Setzler says the correct answer is the former, and he charges the anti-city contingent with using conservative residents’ mistrust of government to dissuade them from supporting a measure he says would bring the people closer to their representatives.
“What was leveraged by the anti crowd was people’s general distrust of government,” he said. “They see the failure of the Biden administration in Washington, the untrustworthiness of the Biden administration, on the take from Ukrainian oil companies, they see those kinds of shenanigans happening at the highest levels in Washington, and they distrust government in general. So any anything, even a high-minded representative government effort like Lost Mountain is impugned by this broad sort of existential distrust of government.”
Warnings of out-of-control density rang hollow to many of the voters Dora Locklear spoke with. She is chair of West Cobb Advocate, a group opposed to cityhood.
“When you show up and you talk to your commissioner, and you’re familiar with zoning, and you know how those decisions are made, then there’s no room for misinformation and assumptions because a city government cannot come in and just arbitrarily rewrite zoning laws. That’s why we have a future land use map,” she said.
Locklear said proponents exaggerated the threat of high density developments being built near their homes. Residents’ current elected official, District 1 Commissioner Keli Gambrill, has been a stickler about zoning, she said.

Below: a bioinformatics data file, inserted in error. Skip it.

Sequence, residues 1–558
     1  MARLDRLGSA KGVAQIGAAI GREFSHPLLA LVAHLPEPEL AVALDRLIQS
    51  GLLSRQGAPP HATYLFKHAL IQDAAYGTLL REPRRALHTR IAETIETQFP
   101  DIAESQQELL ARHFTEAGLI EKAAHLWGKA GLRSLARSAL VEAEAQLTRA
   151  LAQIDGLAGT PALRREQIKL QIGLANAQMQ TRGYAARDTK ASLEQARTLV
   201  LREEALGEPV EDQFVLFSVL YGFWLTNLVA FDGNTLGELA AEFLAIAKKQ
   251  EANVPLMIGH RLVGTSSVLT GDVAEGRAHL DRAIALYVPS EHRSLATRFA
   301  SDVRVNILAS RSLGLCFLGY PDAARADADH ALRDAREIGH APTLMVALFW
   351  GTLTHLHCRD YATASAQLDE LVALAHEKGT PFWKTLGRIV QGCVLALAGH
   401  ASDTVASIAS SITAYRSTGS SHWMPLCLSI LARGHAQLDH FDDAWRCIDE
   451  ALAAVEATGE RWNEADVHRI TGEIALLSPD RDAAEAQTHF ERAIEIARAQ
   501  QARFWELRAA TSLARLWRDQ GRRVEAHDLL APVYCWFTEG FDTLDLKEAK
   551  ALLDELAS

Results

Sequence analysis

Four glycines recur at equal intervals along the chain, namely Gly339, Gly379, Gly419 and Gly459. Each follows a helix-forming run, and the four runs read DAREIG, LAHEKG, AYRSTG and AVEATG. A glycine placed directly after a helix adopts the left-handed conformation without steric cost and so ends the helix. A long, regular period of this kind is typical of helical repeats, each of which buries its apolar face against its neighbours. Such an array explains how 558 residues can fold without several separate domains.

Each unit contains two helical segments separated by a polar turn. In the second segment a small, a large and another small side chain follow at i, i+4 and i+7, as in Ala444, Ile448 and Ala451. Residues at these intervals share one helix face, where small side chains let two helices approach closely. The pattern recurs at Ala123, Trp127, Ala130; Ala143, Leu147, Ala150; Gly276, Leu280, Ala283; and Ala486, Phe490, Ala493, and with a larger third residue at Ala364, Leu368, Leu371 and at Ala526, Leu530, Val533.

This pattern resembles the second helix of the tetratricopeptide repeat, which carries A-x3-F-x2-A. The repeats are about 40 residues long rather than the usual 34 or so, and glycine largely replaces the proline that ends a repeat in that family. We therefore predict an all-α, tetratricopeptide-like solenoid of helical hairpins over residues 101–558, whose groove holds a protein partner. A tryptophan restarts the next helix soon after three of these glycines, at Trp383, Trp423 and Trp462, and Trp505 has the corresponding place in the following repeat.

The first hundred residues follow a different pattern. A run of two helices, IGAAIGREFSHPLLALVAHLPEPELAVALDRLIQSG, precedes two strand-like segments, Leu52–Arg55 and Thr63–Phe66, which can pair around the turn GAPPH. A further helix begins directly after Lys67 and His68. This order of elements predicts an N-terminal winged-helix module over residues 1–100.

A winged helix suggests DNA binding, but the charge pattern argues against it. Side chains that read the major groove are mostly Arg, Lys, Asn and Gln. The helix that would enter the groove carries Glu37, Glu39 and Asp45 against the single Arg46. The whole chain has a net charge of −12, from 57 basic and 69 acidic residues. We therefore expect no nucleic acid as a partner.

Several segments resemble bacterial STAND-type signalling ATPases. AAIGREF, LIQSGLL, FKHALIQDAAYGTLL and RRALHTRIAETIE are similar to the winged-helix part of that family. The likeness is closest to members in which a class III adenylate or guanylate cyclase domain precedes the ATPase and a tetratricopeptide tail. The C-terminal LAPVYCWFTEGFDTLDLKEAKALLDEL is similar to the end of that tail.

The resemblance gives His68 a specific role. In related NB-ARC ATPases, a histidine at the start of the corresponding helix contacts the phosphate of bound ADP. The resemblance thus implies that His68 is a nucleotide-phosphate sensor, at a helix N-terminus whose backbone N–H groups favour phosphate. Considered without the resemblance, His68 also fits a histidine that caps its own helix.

“There were forty-something cases that took place that involved District 1, in not one of those was she outvoted, and there was only one that was not a 5-0 vote,” she said. “And in fact, in 22 of the cases, applications were withdrawn after she told the developer or the applicant that their request did not meet the future land use map or zoning and therefore she would not be recommending for approval.”
Gambrill said Cobb Commissioners defer to colleagues who represent districts where projects are proposed.
She, like the other commissioners, was publicly neutral on the cityhood measures, and said she was happy to have seen the community spirit on both sides of the issue. She also suggested there could be other ways to bring residents of unincorporated Cobb closer to their government.
“If we want to look at giving more representation, meaning fewer constituents to a commissioner, we can always look at expanding the board to seven or nine members, and then essentially having more districts throughout the county, that would again, give government closer to the people.”
That won’t solve the fundamental problem of non-local representation, Setzler said.
“If you go to seven commissioners, you’re still not going to be representing west Cobb,” he said. “It’s not going to be the majority in control of their backyard. That does absolutely nothing. It might take the representation of one elected official per 150,000 people down to one elected official per 120,000 people, but it’s nothing for the people of west Cobb who are being ruled by representatives they can’t vote for.”